A high-ranking editor at Las Vegas Review-Journal, the newspaper that gained notoriety after casino magnate Sheldon Adelson purchased it, recently informed employees that they could be fired if they were viewed as being liabilities to the company.
According to Politico, during a staff meeting last week, fairly new editor J. Keith Moyer noted “the importance of company loyalty.” Since then, Stephanie Grimes—R-J’s features editor who notably live-tweeted an internal meeting about the publication’s transparency—has been let go.
In a post published on Medium on Thursday, Grimes notes several instances of questionable journalistic practices since the new ownership took control (for example, she notes a story on an ongoing case the paper has been following for years that was whittled down to a paragraph: “It’s there because we’ve been following the Las Vegas Sands case for years; it’s not there, it’s safe to say, because it might complicate things for our new owners,”), and how she bore witness to her esteemed colleagues resigning one by one as the editorial reins were tightened.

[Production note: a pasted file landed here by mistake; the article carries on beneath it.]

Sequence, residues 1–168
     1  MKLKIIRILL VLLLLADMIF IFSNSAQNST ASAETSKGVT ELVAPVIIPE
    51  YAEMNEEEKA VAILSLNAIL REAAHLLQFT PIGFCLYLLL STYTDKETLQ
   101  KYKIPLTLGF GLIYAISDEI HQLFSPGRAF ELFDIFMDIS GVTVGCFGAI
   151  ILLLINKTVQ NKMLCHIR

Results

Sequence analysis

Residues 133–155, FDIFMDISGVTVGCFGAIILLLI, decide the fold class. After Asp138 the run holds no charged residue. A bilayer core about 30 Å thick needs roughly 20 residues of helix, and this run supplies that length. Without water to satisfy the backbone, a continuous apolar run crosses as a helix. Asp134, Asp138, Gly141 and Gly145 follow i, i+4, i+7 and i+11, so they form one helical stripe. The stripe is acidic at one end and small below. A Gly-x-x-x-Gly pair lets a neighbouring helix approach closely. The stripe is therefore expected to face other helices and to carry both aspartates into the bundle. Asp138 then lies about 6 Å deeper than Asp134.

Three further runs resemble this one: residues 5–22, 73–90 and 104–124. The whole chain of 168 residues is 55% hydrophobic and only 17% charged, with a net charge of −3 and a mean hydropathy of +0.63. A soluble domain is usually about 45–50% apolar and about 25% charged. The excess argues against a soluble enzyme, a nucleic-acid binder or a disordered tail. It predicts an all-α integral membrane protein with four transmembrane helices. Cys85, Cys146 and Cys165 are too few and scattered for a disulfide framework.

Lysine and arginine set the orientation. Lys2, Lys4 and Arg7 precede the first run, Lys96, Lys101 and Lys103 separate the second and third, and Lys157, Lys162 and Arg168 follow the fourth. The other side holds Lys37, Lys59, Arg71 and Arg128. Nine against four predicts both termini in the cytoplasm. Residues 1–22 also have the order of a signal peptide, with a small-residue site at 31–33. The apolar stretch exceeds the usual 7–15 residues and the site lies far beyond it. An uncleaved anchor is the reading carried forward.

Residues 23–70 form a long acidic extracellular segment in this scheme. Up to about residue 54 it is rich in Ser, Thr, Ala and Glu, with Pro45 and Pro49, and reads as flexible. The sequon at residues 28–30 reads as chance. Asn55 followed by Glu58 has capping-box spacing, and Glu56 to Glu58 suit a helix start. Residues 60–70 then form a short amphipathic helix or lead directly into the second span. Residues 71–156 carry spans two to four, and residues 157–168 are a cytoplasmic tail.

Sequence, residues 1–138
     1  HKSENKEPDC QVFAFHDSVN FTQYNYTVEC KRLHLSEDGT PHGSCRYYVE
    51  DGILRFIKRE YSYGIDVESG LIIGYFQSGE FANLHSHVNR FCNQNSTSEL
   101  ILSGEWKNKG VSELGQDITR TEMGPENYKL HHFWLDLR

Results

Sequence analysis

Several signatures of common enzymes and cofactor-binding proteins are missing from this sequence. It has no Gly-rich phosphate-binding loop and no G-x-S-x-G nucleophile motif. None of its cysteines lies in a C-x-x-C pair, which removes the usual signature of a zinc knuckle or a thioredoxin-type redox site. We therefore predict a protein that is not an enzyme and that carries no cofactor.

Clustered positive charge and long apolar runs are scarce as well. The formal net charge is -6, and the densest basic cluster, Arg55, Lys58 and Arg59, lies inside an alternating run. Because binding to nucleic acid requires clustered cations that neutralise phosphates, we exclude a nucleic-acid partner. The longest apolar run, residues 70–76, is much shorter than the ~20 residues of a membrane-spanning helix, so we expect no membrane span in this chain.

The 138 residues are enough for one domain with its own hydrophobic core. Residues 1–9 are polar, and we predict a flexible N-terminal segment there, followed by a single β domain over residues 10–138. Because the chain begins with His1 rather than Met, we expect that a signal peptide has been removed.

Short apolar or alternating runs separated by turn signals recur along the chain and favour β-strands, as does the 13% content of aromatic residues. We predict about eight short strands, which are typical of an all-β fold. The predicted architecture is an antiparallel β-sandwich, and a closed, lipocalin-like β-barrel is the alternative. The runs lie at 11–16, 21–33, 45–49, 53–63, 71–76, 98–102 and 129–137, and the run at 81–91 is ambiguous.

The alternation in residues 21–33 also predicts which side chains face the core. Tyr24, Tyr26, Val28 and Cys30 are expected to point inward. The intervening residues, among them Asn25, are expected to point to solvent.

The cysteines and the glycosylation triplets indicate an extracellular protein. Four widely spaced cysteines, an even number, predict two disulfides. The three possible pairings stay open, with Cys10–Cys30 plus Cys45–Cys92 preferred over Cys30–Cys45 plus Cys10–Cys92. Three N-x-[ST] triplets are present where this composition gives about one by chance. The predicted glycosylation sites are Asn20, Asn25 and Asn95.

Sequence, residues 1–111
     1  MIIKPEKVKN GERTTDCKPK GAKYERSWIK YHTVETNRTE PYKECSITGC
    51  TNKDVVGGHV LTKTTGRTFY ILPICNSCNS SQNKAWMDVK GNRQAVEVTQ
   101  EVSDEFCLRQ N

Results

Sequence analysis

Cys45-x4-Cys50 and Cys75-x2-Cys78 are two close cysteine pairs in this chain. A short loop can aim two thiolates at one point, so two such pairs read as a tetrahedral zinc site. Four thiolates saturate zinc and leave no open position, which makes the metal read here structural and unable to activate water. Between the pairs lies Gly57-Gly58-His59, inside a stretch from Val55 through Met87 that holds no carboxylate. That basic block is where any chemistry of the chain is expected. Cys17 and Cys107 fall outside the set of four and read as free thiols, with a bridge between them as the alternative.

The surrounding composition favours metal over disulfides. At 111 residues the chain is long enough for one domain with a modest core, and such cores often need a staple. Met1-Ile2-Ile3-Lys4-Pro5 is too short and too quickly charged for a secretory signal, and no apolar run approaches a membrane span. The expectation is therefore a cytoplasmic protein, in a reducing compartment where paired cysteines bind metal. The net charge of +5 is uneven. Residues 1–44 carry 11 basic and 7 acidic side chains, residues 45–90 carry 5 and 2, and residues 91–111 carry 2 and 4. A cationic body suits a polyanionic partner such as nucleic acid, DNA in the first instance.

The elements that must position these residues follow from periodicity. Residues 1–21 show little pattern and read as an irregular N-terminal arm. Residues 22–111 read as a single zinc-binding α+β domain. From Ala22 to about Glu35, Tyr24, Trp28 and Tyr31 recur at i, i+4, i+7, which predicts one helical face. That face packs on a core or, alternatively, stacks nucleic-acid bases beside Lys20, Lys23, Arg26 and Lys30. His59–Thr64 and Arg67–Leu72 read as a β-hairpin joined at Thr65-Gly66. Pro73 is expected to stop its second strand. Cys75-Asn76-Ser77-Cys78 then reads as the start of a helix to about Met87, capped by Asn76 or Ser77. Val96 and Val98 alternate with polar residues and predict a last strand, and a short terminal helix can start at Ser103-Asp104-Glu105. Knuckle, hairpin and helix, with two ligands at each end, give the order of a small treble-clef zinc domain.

Grimes writes that in the aforementioned meeting with Moyer, he said, “my job is hard enough without reporters stabbing me in the back.”
I’ve known this was coming from day one. A hyper-conservative middle-aged white man walks into a newsroom and finds a 26-year-old mixed-race woman in charge of an entire department? The humanity! Keith never made me feel welcome in his newsroom and made it clear in every conversation that he didn’t trust me. It was only a matter of time before he pulled the trigger.
I’m not going to miss him, or Craig, or anyone else in management at the RJ. But I’m going to miss my team. They’re some of the most talented reporters in the business, but treated like scum by the company. They’re brilliant and they deserve better. I did my best to fight for them every chance I got in my eight months working alongside them in the trenches.
“But as much as I love the idea of the Review-Journal, my trust in the company as an institution has died a slow death over the past five months,” she continued. “Its management has failed on too many occasions to live up to the standards we so rigidly hold others to on a regular basis.”
“I think after nearly half a year, the RJ has to face the facts: The newspaper is bleeding talent left and right. It’s losing it’s best reporters week in and week out, and it won’t be long until everyone in a position of power is just a yes-man for the publisher.”
Read her full piece here.
Image via AP.